- Cut through the sand. As mentioned above, an explosion shot requires that you cut your wedge through the sand and under the ball in one aggressive motion. When the club face is square to the sand, you might find that the club 'digs' into the sand rather than cutting through cleanly. That digging action could cause your club head to lose speed rapidly, and the ball will likely come up short of the target. When you set the face open, however, the club will have the opportunity to carve through the sand while meeting much less resistance. In the end, you are left with a swing that maintains more of its speed and a shot that easily is lifted out of the bunker and onto the green.
- Stop the ball quickly. Another advantage that you can enjoy when you lay the club face open is the ability to stop the ball quickly after it lands on the green. Of course, this is only going to be an advantage in certain situations – such as when the hole is located close to the bunker where you have found your ball. If the ball needs to get up quick and then stop thanks to a combination of loft and spin, it is an open club face that is going to help you pull off the shot successfully.
There are some obvious advantages to choosing to open up the face of the club at address. It is important that you know how to hit this kind of shot, because it is going to be called for on a semi-regular basis. Of course, we still need to get into the 'how' of this shot, as well as the 'when'. However, now that you understand what is to be gained when you opt for this style of bunker shot, you can move ahead with confidence and an understanding of what you will be trying to do with the ball.
How to Open Your Sand Wedge Properly
This probably seems like a rather simple point, and you might not think that you need any help at all when it comes to getting your club face open at address. After all, don't you just need to rotate the face to the right when you are standing over the ball? Well, yes, but there is a bit more to it than that. If you open the face the wrong way – and there is a wrong way – you will find that you are unable to produce the kinds of shots you need. Getting this point right is all about the order of operations you use while preparing to blast the ball out of the sand. Do everything in the right order and this shot will be as simple as they come. Do things out of order, however, and you will never quite be able to master the open faced explosion shot.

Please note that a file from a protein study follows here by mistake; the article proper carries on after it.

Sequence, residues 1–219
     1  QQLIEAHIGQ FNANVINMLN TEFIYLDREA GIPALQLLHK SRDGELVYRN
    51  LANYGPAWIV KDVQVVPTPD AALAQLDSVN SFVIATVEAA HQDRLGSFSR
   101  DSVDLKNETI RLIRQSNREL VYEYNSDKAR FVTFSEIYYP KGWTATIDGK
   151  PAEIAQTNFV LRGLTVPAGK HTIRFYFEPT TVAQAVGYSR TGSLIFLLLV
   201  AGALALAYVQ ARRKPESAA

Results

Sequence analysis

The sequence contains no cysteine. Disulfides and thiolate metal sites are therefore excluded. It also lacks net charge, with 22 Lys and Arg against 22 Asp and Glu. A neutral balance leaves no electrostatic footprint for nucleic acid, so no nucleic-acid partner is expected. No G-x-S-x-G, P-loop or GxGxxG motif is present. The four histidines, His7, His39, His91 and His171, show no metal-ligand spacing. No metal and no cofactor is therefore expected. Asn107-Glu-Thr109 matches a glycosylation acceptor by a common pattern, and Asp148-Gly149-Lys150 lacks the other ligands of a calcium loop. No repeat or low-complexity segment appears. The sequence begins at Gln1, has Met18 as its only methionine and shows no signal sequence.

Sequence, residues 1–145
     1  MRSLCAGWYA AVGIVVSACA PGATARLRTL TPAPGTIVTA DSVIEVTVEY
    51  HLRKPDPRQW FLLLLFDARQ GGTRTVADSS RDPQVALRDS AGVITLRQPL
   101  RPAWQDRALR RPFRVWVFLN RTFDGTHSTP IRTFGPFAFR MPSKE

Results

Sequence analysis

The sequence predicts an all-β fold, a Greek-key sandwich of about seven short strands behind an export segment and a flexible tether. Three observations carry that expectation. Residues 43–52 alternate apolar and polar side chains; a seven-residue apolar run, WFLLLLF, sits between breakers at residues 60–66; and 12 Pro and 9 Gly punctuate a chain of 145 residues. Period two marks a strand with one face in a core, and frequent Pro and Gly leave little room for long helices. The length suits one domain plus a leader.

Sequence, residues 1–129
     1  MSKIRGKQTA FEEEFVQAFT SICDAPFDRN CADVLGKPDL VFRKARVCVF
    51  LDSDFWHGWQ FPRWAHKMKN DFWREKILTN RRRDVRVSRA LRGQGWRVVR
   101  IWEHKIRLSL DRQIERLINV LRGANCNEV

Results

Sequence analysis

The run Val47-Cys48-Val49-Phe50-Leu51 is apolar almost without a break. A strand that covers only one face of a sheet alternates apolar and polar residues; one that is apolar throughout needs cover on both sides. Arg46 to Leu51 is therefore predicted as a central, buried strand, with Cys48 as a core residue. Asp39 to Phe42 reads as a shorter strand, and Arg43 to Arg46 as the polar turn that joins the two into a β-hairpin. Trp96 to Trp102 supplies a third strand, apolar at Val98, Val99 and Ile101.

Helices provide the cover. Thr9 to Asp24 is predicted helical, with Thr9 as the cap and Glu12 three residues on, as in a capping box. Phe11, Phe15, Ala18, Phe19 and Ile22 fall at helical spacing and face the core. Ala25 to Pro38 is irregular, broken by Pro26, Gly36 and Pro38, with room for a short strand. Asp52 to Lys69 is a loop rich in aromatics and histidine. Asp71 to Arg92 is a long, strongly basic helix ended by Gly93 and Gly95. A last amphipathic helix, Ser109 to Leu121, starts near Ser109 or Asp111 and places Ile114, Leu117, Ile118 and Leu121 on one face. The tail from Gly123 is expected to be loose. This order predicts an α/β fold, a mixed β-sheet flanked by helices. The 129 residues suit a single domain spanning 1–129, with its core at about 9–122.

In reality, the act of opening up your sand wedge is part of a bigger picture when it comes to hitting a bunker shot. Therefore, the following step-by-step directions are going to cover the entire process of hitting an explosion shot from start to finish. If you can replicate this process anytime you are going to hit a sand shot using an open face, you should be on the right path toward successful outcomes.
- When you find your ball in a bunker near the green, assess the situation and decide what kind of shot you are going to hit. If that is a sand wedge shot with an open face, take your sand wedge from the bag and walk down into the bunker. We will get into the details of how to decide on what shot to hit in the next section.
- As you approach your ball, be careful not to move the sand around the ball with your feet, as that could cause the ball to move (which would be a penalty). Walk up to the ball from the side and place your feet into the sand so that you have a comfortable stance from which to swing. If there is enough sand in the bunker, you can 'wiggle' your feet back and forth to establish a firm base.
- With the club in only your right hand, hover the club head behind the ball and turn the face open. It is against the rules of golf to touch the sand with your club head while you are in the bunker, so make sure you hold the club at least a couple inches above the top of the sand. It is important that you are only holding the club in your right hand at this time.
- Once you are happy with the position of your club head, place your left hand on the grip securely. With the left hand now holding the club, take your right hand off of the grip and reposition it such that it is nicely paired up with the left. At this point, you should have a comfortable grip that will enable you to make a confident and aggressive swing.
- Before hitting the shot, take one last look up at the hole to remind yourself of the distance required for the shot. With that image fresh in your mind, look back down at the ball and make a strong swing which cuts through the sand and sends the ball softly onto the green.
So why is the order of this process so important? Simple – many golfers take their grip too early, which causes the club face to actually close back down at impact rather than staying open through the hitting area. If you take your final grip before you even establish your stance, you will likely be holding the club face in a relatively square position. Even if you turn your wrists and arms to open the club face at address, it is quickly going to close back down again once you start the swing. By following the directions that have been outlined above, you can avoid this error and ensure that your club face holds open all the way through the shot.